Crackling voice and reed surrealism, in which the line betwixt live and pre-recorded sound is left blurred and frothing. The Gili Gili Men is a snake-charmer trio featuring mystery members from such sonic subversives as Million Brazilians, Fake Hospital, and Visitor. Dusty lock-groove trance meditations, piled with damaged vocal gargle/shriek incessant cartridge static and loose-fitting horn vomit. A series of strange improvisational harsh-hypnosis sessions documented directly to plastic plates by Arrington de Dionyso, having been recorded live in real time to his antique lathe-cutting machine in Olympia, Washington. Those crackly grooves were then played back and further abused by that same group of warped freakers, fully jammed upon and sent a skipping. Wailing reed abuse and deep non-jazz wrangling, forever soothes the serpent. These recordings ruminate upon a true-life political protest action in India, in which an angry local snake-charmer set loose a writhing basket of live poisonous snakes inside a government office building during business hours. Real time duplicated White shell cassette with full color labels comes packaged with ancient “entwined serpent” card stock J-card, hand numbered in a clear Norelco case. Profound confusion tapestries for illicit social upheaval.
From BBC News:
'Angry India charmer lets loose snakes in office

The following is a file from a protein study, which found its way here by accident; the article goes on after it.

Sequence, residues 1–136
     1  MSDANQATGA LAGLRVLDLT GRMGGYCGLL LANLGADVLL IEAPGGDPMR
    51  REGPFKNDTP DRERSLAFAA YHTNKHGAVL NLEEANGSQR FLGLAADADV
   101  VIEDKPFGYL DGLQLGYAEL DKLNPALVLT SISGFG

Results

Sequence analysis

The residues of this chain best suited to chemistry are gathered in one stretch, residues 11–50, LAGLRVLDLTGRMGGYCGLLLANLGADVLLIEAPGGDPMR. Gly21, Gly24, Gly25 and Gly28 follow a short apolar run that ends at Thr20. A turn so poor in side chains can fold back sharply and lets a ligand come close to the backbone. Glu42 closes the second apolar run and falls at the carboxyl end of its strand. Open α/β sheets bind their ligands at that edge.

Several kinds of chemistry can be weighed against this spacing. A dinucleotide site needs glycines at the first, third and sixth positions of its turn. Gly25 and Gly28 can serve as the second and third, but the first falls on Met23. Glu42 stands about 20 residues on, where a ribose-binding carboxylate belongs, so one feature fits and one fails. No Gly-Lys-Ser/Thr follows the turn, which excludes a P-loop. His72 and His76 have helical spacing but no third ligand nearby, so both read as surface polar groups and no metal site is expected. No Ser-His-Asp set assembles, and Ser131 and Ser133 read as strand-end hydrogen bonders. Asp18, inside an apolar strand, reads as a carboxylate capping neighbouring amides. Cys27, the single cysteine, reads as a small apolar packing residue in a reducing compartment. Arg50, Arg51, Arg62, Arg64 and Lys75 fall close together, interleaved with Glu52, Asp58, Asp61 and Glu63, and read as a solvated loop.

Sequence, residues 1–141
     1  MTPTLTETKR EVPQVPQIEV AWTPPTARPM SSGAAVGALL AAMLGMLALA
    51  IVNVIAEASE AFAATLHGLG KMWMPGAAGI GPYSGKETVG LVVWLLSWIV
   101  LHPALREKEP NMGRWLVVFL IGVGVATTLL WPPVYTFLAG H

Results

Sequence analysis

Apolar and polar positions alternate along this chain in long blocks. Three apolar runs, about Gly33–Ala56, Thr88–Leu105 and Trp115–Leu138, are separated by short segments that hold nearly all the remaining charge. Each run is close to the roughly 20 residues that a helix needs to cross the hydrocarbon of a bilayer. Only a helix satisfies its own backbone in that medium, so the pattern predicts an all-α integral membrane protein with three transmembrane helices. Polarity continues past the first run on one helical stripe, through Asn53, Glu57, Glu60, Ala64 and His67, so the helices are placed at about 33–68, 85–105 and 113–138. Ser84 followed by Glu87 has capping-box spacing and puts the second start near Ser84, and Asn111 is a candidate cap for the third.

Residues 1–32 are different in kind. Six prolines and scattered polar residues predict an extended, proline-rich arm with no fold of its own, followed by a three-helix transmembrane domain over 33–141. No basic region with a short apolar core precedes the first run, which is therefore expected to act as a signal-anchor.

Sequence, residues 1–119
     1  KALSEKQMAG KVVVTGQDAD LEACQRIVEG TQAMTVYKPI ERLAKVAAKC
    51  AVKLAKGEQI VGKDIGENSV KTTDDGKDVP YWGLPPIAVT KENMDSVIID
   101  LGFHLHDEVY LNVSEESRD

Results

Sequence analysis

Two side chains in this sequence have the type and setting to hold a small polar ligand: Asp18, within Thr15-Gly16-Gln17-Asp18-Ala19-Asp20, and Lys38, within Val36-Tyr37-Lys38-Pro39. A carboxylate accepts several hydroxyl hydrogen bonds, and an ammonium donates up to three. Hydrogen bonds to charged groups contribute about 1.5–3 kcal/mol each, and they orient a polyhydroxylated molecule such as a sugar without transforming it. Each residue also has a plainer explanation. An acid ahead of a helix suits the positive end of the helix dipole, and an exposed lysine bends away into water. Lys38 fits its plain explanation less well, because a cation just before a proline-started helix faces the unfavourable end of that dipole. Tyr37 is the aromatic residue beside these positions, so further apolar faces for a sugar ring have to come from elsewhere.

An angry snakecharmer in the northern Indian state of Uttar Pradesh has let loose dozens of snakes in a government office, sparking chaos and panic. Hakkul, of Lara village in Basti district, dumped the snakes, including a number of cobras, at the land revenue office in Harraiya town on Tuesday. Many of the frightened villagers and officials ran out of the office, while others climbed on top of tables. No-one was bitten or injured but the snakes are yet to be caught.
Mr Hakkul is usually called in whenever a snake is spotted in the area and he has saved many lives over the years, local journalist Mazhar Azad told the BBC. Mr Hakkul has petitioned various government offices over the years demanding a plot of land where he can "conserve" his snakes. Mr Azad said Mr Hakkul had even petitioned the president.
Some of the snakes are still in the building Mr Hakkul says his request has been cleared by senior authorities, but the local officials keep delaying it. On Tuesday, Mr Hakkul went to the Tehsil [revenue] office with a group of supporters and emptied out his bags containing venomous snakes.
"Snakes were climbing up the tables and chairs. The office was full, there were nearly 100 officials and clerks and many more visitors," Mr Azad said.
"There was total chaos for several hours. Some people started taking photos with their telephone cameras, others brought out sheets to try to cover the snakes. Some came with sticks and wanted to beat up Hakkul."
Mr Azad said Mr Hakkul and his men escaped in the confusion and are yet to be caught.
So are the snakes which are still hiding in the building.'